At UN, French President pledges to work with all parties towards political solution in Syria – except Syrian leader

28 September 2015 – France is ready to work with all countries that want to find a political solution to the four-year crisis in Syria except for President Bashar Al-Assad, who cannot be part of the solution, French President François Hollande told the UN General Assembly today at the annual general debate.

Syria is “calling once more for our mobilization and intervention,” said President Hollande, underlining that the civil war has to date killed more than 250,000 people. He recalled that the “Syrian tragedy” follows an uprising which sought to undermine the “dictatorship of Bashar Al-Assad.”

Moreover, he stated that eight million people haven’t just fled a war – “they’ve fled Bashar Al-Assad’s regime – the same regime which dropped bombs on innocent civilians.”

“It is not because terrorists massacre, loot, and rape that there should be pardon or amnesty for the regime that created the situation,” the French President continued.

With 80 per cent of Syrian refugees fleeing to other countries of the global South, “it is the poor and most vulnerable who are hosting the poor and most vulnerable”, he said, underlining that European countries should do more.

He insisted that the Office of the UN High Commissioner for Refugees (UNHCR) and the World Food Programme (WFP) must be provided the means to ensure the necessary support, and refugees must be allowed to work in their host countries. He further announced that France is contributing €100 million to WFP for refugees in countries neighbouring Syria.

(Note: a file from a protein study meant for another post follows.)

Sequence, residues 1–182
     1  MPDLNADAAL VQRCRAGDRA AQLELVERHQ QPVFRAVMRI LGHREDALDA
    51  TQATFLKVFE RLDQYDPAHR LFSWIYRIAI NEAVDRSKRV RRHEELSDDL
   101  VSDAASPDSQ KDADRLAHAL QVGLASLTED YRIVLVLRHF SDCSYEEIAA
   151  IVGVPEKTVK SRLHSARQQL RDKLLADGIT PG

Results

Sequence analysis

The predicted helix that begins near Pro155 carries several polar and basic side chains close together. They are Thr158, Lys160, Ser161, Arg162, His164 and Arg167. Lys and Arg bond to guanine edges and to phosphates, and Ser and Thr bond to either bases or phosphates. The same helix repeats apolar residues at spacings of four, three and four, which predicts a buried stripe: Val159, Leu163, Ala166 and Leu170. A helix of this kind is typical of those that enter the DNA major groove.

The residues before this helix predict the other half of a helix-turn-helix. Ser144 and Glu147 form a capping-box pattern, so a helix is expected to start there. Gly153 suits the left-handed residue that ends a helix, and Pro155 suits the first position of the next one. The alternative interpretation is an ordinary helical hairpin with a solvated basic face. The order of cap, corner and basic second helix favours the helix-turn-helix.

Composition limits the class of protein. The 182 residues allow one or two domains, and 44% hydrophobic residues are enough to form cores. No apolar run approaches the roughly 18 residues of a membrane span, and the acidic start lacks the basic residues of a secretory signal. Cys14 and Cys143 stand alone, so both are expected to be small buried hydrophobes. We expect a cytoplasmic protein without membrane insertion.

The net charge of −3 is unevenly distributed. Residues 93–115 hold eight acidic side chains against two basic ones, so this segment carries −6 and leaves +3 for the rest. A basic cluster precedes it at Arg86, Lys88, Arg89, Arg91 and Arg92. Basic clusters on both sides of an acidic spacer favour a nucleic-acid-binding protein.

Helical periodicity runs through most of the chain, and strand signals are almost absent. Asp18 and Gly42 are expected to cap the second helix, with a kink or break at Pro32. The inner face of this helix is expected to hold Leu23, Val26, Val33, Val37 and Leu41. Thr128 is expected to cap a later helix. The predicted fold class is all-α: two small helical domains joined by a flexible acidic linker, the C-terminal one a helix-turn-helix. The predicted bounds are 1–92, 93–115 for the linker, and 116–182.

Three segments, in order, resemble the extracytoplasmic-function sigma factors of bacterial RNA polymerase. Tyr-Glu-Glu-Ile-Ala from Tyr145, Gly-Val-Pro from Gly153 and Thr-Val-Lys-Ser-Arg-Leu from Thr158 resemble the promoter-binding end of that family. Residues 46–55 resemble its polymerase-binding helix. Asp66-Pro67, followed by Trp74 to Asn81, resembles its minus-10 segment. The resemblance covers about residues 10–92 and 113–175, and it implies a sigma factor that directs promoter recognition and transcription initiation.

Meanwhile, President Hollande saluted the immense progress accomplished by the United Nations since its creation 70 years ago, while noting that unfortunately the world is still challenged by many conflicts.

Enumerating many natural disasters caused by climate change, he said the upcoming climate change conference in Paris must answer the question: “Is humankind capable of deciding to preserve life on the planet?” while noting some progress, singling out recent commitments made by the United States and China.

Furthermore, he said he favoured a global climate agreement, differentiating the responsibilities of each country, and laid out three conditions for success in Paris: every country must make commitments on emission reductions; a review mechanism must be established to allow for revisions every five years; and developed countries should fulfil their commitments to developing countries by ensuring $100 billion in support.

In addition, he announced France will increase its annual funding for climate from €3 billion to €5 billion to be disbursed, not as loans, but as grants.